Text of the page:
• nine counts of grave breaches of the Geneva conventions (willful killing; inhuman treatment (sexual assault); unlawful deportation of a civilian; unlawful transfer of a civilian; unlawful confinement of a civilian; inhuman treatment (conditions of confinement); inhuman treatment; extensive destruction of property, not justified by military necessity and carried out unlawfully and wantonly; appropriation of property, not justified by military necessity and carried out unlawfully and wantonly).
  • nine counts of violations of the laws or customs of war (cruel treatment (conditions of confinement); cruel treatment; unlawful labour; wanton destruction of cities, towns or villages, or destruction not justified by military necessity; destruction or willful damage done to institutions dedicated to religion or education; plunder of public or private property; unlawful attack on civilians; unlawful infliction of terror on civilians; cruel treatment), and
  • eight counts of crimes against humanity (persecutions on political, racial and religious grounds; murder; rape; deportation; inhumane acts (forcible transfer); imprisonment; inhumane acts (conditions of confinement); inhumane acts).

See also[edit]

References[edit]

  1. ^ "Prosecutor v. Jadranko Prlić, Bruno Stojić, Slobodan Praljak, Milivoj Petković, Valentin Ćorić, Berislav Pušić - Judgement - Volume 2 of 6" (PDF). International Criminal Tribunal for the former Yugoslavia. 29 May 2013. pp. 442, 450. 
  2. ^ a b c d e f g h https://web.archive.org/web/20050212165106/http://www.un.org/icty/indictment/english/prl-ii040304e.htm. Archived from the original on February 12, 2005. Retrieved January 7, 2013.  Missing or empty |title= (help) Cite error: Invalid <ref> tag; name "un" defined multiple times with different content (see the help page).
  3. ^ "Prosecutor v. Jadranko Prlić, Bruno Stojić, Slobodan Praljak, Milivoj Petković, Valentin Ćorić, Berislav Pušić - Judgement - Volume 1 of 6" (PDF). International Criminal Tribunal for the former Yugoslavia. 29 May 2013. p. 9. 
  4. ^ "Prosecutor v. Jadranko Prlić, Bruno Stojić, Slobodan Praljak, Milivoj Petković, Valentin Ćorić, Berislav Pušić - Judgement - Volume 2 of 6" (PDF). International Criminal Tribunal for the former Yugoslavia. 29 May 2013. p. 378.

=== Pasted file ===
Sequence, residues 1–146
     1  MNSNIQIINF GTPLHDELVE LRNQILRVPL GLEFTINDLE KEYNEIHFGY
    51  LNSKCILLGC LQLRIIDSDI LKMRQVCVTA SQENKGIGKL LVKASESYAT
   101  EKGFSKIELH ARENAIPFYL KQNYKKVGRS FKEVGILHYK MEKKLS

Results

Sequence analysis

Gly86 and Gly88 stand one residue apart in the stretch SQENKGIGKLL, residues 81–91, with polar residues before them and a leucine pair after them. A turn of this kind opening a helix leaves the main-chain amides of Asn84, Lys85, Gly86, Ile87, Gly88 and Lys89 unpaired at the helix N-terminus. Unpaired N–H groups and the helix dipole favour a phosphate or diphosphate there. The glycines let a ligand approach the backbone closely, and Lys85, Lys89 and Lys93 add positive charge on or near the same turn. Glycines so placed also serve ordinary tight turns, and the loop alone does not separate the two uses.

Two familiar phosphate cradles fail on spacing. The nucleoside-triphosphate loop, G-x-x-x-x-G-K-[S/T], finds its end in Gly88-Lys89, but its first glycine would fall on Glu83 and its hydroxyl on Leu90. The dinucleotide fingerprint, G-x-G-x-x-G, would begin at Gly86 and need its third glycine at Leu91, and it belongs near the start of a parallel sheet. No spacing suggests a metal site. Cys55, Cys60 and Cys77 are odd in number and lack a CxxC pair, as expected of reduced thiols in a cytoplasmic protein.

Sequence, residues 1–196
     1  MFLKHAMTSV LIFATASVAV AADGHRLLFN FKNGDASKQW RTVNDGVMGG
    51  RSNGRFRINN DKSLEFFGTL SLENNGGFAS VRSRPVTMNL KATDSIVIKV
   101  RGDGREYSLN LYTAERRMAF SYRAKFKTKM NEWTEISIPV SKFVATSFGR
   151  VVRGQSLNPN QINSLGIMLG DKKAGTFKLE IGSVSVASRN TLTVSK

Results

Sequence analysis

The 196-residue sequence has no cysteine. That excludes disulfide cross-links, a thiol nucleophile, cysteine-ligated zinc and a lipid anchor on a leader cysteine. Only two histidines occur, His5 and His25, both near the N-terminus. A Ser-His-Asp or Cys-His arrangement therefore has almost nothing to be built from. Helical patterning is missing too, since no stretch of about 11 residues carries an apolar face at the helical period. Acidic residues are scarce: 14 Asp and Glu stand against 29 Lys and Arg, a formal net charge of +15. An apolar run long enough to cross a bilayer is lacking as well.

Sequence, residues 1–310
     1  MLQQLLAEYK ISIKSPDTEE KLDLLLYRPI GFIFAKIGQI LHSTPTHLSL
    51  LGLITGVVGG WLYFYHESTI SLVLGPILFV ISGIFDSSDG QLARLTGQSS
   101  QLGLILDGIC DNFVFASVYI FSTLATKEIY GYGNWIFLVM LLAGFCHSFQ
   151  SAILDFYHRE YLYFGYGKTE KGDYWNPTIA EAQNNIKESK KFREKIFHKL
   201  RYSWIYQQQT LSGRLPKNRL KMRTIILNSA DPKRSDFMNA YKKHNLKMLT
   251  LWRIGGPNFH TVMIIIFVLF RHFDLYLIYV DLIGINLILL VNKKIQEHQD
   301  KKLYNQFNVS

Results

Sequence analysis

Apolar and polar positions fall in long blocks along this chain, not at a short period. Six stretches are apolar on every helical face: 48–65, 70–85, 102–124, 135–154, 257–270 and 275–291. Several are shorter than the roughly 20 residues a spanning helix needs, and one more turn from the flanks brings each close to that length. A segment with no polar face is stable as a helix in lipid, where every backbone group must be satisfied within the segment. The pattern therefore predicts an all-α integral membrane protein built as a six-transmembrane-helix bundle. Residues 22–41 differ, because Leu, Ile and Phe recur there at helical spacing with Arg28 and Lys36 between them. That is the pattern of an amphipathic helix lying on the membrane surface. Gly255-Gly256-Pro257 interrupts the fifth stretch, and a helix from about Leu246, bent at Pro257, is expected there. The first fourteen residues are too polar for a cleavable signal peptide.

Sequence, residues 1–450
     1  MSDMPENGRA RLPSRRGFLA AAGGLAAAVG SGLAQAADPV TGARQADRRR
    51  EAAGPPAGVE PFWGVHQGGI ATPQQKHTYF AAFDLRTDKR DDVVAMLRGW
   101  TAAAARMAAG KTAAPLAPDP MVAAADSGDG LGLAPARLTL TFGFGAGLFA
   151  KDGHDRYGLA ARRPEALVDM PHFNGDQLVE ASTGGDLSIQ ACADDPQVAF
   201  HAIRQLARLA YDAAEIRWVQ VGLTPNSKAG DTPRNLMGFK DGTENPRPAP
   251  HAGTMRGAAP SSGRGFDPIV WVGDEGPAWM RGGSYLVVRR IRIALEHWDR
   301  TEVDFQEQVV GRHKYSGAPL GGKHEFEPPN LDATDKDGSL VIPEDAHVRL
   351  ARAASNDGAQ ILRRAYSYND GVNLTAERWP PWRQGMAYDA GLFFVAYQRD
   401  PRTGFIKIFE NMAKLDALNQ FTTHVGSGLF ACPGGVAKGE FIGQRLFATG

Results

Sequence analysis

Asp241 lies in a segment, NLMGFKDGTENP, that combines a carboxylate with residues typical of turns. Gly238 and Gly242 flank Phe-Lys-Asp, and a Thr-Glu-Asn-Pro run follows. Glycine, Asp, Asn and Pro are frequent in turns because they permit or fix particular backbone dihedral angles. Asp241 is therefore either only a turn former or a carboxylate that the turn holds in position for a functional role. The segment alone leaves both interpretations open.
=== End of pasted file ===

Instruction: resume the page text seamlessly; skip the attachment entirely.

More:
5. ^ "Prosecutor v. Jadranko Prlić, Bruno Stojić, Slobodan Praljak, Milivoj Petković, Valentin Ćorić, Berislav Pušić - Judgement - Volume 1 of 6" (PDF). International Criminal Tribunal for the former Yugoslavia. 29 May 2013. p. 5. 
  6. ^ Crimes in Stolac Municipality (1992–1994) (PDF), Sarajevo: DID, 2001 [First edition 1996], ISBN 9958-511-13-4, archived from the original (PDF) on 9 January 2009 
  7. ^ "Prosecutor v. Jadranko Prlić, Bruno Stojić, Slobodan Praljak, Milivoj Petković, Valentin Ćorić, Berislav Pušić - Judgement - Volume 2 of 6" (PDF). International Criminal Tribunal for the former Yugoslavia. 29 May 2013. p. 434. 
  8. ^ "Prosecutor v. Jadranko Prlić, Bruno Stojić, Slobodan Praljak, Milivoj Petković, Valentin Ćorić, Berislav Pušić - Judgement - Volume 2 of 6" (PDF). International Criminal Tribunal for the former Yugoslavia. 29 May 2013. p. 442. 
  9. ^ "Prosecutor v. Jadranko Prlić, Bruno Stojić, Slobodan Praljak, Milivoj Petković, Valentin Ćorić, Berislav Pušić - Judgement - Volume 2 of 6" (PDF). International Criminal Tribunal for the former Yugoslavia. 29 May 2013. pp. 449–450. 
  10. ^ http://web.archive.org/web/20070310210538/http://www.un.org:80/icty/naletilic/trialc/judgement/annex.htm. Archived from the original on March 10, 2007. Retrieved June 26, 2006.  Missing or empty |title= (help)
  11. ^ Tosh, Caroline (23 February 2007). "Prlic Trial Shown Images of War". International Justice - ICTY. TRI (490) (IWPR). Archived from the original on 22 March 2013. Retrieved 22 March 2013. 

External links[edit]